…I will also give that person a white stone with a new name written on it, known only to the one who receives it. Revelation 2:17 (NIV)
My husband’s parents, like so many before them, came to this country seeking a new life filled with opportunity. They followed a time-honored route from Lebanon to South America and eventually settled in New England. As an initial step in becoming full Americans, they Anglicized their family name, el Khoury (the Priest), to Curry. A new language and a whole new lifestyle were other changes that would follow.
With all the current interest in immigrants at home and abroad, I’ve been thinking about our own status as Christians. Most of us were grafted into God’s family, as Paul refers to Gentile believers, and it has become our duty to learn the lifestyle and behaviors of the new Kingdom. For us, the change is not usually physical relocation—instead, become new creations (II Corinthians 5:17-21) in Christ Jesus. We are given new opportunities at life and fresh beginnings.
Most of all, I love the idea of having new names. Throughout the Bible, much is made of names. The names of biblical people revealed inherent character, and changed names reflected transformations of character. Just look at Abraham’s grandson Jacob (usurper) who cleverly took his brother’s birthright and blessing and whose name was later changed to Israel after he wrestled with the angel, clinging until he was promised God’s blessing. Or Simon (he has heard), that impetuous disciple of Jesus who was swift to listen and equally quick to act, whose name Jesus changed to Peter (rock). God knew what he would do through both these men, and he knows what he will do through and in us.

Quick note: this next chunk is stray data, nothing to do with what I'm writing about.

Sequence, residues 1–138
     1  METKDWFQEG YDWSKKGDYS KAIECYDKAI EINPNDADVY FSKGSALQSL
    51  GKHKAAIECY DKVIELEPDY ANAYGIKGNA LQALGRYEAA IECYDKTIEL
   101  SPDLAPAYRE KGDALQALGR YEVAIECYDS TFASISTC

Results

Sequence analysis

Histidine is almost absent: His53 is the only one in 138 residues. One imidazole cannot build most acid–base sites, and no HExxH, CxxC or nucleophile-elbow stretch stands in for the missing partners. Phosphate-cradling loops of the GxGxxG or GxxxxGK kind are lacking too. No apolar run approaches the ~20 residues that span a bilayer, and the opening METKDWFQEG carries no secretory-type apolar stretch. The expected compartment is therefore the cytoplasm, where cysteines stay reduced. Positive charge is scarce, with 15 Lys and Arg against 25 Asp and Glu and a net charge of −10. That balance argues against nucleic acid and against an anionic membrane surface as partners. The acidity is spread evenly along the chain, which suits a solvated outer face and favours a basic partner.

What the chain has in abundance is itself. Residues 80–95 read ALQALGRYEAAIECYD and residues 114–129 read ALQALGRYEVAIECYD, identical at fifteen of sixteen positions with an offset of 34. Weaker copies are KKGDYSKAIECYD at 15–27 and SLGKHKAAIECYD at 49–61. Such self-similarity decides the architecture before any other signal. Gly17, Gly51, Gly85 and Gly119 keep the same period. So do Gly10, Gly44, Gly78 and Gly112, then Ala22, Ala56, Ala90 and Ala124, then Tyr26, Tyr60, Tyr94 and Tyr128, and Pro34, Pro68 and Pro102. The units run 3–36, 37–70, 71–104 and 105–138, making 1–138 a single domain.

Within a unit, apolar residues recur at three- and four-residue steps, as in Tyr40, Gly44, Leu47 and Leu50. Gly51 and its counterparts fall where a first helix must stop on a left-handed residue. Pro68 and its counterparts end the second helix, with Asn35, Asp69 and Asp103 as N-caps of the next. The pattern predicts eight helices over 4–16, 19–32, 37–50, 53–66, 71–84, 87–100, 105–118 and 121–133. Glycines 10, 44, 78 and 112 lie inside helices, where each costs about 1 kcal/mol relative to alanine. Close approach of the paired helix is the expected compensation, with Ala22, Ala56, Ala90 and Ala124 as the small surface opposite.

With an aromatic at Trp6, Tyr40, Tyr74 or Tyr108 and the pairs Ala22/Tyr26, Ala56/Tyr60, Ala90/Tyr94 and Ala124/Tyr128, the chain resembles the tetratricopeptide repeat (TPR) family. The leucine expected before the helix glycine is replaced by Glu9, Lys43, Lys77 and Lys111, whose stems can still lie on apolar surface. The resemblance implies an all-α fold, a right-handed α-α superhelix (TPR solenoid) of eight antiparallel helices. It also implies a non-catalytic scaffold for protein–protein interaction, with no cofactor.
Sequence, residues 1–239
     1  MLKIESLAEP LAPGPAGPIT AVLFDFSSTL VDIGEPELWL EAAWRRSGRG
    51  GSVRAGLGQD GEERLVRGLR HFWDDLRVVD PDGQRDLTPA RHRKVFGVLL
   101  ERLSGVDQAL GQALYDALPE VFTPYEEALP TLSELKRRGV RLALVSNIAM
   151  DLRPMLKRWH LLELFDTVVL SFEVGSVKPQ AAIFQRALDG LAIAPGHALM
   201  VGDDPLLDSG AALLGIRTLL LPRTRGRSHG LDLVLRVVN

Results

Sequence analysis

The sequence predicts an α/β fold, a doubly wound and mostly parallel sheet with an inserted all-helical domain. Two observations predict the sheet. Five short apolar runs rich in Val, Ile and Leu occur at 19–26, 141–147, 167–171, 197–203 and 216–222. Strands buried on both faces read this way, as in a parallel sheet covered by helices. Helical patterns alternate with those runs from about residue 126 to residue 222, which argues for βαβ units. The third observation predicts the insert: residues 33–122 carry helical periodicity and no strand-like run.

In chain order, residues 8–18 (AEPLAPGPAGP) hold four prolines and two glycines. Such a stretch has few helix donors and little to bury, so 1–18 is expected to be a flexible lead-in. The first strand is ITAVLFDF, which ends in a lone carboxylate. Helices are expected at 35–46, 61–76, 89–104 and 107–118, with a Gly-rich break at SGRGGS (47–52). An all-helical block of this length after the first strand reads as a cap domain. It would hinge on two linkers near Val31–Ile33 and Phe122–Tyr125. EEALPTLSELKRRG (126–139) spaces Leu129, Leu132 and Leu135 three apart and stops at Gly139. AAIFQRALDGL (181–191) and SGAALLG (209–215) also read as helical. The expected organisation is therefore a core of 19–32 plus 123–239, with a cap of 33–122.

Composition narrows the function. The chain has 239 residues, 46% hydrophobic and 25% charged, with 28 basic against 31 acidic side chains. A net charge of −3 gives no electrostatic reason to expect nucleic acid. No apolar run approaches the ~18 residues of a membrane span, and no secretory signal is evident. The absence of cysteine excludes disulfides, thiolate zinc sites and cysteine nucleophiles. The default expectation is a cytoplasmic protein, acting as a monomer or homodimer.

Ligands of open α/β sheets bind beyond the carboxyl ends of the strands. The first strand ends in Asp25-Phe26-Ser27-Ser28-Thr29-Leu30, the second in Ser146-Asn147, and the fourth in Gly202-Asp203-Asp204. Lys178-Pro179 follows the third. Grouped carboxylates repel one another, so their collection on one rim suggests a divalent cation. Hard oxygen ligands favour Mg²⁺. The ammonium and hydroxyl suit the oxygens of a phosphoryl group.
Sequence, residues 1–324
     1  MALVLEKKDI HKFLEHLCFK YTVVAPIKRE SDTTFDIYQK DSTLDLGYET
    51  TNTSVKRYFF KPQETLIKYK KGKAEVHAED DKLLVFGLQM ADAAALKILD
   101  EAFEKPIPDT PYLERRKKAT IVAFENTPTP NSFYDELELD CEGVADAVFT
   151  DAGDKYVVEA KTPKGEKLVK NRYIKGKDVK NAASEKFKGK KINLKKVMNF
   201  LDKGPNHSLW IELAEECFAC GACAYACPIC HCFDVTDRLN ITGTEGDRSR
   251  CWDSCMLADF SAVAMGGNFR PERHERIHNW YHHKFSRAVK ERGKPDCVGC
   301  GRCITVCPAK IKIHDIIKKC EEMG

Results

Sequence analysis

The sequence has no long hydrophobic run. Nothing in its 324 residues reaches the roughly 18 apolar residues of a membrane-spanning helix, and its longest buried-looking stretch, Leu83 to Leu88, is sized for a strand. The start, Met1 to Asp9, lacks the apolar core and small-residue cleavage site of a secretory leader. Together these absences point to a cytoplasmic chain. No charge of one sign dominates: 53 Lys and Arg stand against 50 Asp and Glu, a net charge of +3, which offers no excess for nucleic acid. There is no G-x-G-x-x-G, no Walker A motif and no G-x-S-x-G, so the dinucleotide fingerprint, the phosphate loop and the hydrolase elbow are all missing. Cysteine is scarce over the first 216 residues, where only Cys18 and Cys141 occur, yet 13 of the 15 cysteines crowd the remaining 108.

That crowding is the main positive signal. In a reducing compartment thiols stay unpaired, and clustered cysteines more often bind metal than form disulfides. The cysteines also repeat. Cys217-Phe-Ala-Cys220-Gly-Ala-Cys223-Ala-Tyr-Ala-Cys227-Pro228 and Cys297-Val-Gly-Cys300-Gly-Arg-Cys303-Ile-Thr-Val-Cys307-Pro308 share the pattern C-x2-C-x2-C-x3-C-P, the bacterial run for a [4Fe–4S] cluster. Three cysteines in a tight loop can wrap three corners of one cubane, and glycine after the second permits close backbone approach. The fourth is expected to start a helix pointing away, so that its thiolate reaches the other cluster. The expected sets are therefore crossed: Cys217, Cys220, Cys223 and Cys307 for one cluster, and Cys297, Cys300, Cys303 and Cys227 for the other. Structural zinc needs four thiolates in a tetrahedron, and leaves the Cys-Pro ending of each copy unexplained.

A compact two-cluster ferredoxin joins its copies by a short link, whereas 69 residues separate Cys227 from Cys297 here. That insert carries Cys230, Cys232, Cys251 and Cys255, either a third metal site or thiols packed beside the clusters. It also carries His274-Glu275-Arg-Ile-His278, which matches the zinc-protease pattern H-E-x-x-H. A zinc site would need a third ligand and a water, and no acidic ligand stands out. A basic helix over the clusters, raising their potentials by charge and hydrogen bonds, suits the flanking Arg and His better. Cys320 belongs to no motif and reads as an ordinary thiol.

Besides new names and new potential, we are continually being transformed with new outcomes awaiting us. Whatever threatened or diminished us in our old habitats is now addressed by us with our new Ruler, as we learn to embrace and assimilate into God’s Kingdom. And for us, the assimilation is not just a one-time activity. Paul tells us that as we contemplate him, we are changed into his image (II Corinthians 3:18)—new name, new person.
Do you know what your name means? Are you living up to the promise it holds?
Father, thank you that you love us enough to continually work in us making us more and more like your beloved Son, Jesus. We joyfully submit to your ministrations. In Jesus our Lord. AMEN.